American Workers Subsidizing Unions With Tax Dollars

In St. Charles, IL, a teacher is paid $141,105 not to teach. In Philadelphia, “ghost employees” who don’t do work for the state collect benefits from the state. In Kalamazoo, MI a former teacher is collecting a government pension of $85,903 a year even though he didn’t teach his last 14 years, but instead worked as a union employee.

Called “release time,” or “official time” at the federal level, it’s a practice that allows public employees to conduct union business during working hours without loss of pay. These activities include negotiating contracts, lobbying, processing grievances, and attending union meetings and conferences.

According to Trey Kovacs, a policy analyst at the Competitive Enterprise Institute, this racket has cost the federal government about $1 billion since 1998. Between 2008 and 2011, the fraud has increased from 2.9 million hours at a cost of $121 million to 3.4 million hours at a cost of $155 million.

School boards, which frequently consist of members bought and paid for by the teachers unions, are particularly guilty of this crime against the taxpayer. In CA, where the California Teachers Association wields great power, the situation is particularly egregious. Typically this scam is written into collective bargaining contracts and comes in different flavors. Sometimes the school district will pay for the cost of a sub if the teacher/union employee needs to do work for the union. In Los Angeles, page 6 of the teacher contract states that the United Teachers of Los Angeles “may request the release of designated employees from their regular duties with no loss of pay for the purpose of attending to UTLA matters, with the expense of the substitute or replacement to be borne by UTLA.”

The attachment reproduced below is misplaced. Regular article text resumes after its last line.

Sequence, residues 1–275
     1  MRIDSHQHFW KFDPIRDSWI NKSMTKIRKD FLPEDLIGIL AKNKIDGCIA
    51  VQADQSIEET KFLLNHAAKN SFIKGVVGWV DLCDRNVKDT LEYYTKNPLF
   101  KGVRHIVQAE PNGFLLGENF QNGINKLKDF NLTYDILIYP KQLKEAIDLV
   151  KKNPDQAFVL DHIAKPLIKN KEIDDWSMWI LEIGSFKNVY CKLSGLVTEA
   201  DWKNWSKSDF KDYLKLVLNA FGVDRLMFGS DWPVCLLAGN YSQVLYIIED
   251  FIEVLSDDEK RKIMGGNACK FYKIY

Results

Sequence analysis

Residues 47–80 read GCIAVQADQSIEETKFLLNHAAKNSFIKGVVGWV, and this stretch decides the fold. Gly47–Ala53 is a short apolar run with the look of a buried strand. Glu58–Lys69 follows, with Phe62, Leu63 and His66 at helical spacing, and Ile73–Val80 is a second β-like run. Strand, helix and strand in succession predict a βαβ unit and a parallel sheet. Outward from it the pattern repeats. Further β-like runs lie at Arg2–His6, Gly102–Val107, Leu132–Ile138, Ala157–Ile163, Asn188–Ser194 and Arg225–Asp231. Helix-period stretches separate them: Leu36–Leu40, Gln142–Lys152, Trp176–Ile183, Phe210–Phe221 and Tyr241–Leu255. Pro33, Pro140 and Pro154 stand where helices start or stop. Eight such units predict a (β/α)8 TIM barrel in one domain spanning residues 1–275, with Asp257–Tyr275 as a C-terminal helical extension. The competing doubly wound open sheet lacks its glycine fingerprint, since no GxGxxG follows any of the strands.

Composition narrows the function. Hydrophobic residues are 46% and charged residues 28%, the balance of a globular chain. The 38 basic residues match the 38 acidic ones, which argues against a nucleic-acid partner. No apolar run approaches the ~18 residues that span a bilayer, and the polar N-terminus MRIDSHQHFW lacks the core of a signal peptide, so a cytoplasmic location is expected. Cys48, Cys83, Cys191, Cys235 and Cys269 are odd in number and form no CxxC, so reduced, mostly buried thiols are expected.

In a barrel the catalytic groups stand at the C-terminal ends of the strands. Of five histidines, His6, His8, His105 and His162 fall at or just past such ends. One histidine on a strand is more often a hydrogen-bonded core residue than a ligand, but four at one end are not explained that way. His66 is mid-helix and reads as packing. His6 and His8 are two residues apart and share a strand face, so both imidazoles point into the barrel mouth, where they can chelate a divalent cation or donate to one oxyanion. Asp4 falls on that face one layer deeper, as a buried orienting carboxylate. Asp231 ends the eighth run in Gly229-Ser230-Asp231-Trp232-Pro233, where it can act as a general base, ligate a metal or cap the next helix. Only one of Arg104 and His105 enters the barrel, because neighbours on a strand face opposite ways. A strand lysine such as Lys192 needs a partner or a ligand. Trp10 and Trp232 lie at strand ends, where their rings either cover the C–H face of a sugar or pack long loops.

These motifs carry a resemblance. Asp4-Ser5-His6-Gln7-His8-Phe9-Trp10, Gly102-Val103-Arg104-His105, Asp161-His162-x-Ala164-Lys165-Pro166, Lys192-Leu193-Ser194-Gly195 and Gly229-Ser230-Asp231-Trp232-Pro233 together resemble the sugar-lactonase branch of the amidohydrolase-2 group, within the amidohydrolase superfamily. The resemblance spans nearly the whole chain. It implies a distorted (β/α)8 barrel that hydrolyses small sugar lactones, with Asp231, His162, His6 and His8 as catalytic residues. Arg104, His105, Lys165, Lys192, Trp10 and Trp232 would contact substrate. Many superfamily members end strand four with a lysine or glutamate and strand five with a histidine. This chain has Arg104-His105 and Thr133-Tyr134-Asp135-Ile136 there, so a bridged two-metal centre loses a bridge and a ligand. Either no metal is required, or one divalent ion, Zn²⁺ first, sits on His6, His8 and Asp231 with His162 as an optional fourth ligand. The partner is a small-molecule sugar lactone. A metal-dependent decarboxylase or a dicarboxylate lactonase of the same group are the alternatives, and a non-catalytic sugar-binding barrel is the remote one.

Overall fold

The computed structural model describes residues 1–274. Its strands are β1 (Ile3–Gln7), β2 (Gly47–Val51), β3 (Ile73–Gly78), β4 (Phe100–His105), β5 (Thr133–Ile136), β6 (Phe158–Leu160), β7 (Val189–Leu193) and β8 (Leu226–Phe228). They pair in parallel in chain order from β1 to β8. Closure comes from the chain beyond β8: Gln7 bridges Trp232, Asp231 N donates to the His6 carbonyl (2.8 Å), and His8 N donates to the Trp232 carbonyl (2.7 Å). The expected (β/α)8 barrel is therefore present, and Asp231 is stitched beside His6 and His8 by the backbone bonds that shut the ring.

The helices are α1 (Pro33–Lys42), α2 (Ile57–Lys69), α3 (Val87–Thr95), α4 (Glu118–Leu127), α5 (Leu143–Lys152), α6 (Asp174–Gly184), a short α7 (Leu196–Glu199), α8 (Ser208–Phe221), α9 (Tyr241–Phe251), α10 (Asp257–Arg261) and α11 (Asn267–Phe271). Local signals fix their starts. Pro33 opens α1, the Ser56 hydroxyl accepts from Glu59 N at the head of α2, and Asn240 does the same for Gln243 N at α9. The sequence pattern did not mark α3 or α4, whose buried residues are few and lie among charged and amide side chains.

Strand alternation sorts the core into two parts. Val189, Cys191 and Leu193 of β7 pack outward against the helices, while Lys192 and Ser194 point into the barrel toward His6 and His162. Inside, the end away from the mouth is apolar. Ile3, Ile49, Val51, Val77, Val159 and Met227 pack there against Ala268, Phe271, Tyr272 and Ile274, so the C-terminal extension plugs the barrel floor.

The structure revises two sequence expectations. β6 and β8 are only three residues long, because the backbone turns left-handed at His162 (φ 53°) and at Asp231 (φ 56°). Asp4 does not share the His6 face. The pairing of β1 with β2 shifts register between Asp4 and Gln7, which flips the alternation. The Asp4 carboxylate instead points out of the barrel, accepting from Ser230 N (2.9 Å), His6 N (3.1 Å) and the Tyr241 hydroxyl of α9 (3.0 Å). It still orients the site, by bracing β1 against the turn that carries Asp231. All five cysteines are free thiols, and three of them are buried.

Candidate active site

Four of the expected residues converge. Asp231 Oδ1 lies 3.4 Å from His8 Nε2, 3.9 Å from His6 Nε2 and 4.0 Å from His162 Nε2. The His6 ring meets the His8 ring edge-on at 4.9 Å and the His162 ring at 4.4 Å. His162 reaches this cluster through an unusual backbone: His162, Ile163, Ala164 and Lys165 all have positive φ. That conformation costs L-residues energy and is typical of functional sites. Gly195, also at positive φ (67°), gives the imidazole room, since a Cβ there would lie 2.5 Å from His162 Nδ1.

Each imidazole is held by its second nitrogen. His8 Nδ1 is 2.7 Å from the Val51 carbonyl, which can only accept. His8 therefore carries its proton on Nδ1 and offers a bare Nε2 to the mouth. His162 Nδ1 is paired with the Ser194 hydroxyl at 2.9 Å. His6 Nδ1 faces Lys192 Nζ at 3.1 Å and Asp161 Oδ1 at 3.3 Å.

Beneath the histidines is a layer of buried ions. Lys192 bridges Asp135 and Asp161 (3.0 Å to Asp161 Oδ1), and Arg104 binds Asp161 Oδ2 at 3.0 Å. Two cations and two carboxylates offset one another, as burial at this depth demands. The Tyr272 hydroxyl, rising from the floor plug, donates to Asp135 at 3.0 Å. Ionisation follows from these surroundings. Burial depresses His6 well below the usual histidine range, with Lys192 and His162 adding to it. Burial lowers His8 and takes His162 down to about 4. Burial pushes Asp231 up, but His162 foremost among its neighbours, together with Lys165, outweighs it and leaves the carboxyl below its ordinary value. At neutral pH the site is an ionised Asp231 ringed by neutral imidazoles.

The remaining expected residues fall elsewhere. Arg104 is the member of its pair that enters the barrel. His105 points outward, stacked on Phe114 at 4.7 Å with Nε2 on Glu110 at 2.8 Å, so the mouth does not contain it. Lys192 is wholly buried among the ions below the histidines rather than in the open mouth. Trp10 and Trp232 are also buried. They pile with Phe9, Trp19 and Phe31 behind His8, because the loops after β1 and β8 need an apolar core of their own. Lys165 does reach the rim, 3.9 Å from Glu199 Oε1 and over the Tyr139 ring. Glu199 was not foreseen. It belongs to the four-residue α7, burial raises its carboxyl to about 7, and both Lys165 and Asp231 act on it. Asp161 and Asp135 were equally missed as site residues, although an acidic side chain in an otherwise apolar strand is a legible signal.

Sounds fair, right? But it’s not.

The substitute invariably makes a lot less than the teacher/union employee and the taxpayer is sucking up the difference in pay. The teacher is also racking up pension time, (which is taxpayer-subsidized), while doing union work. And of course the students lose out by having frequent subs, who often are nothing more than placeholders.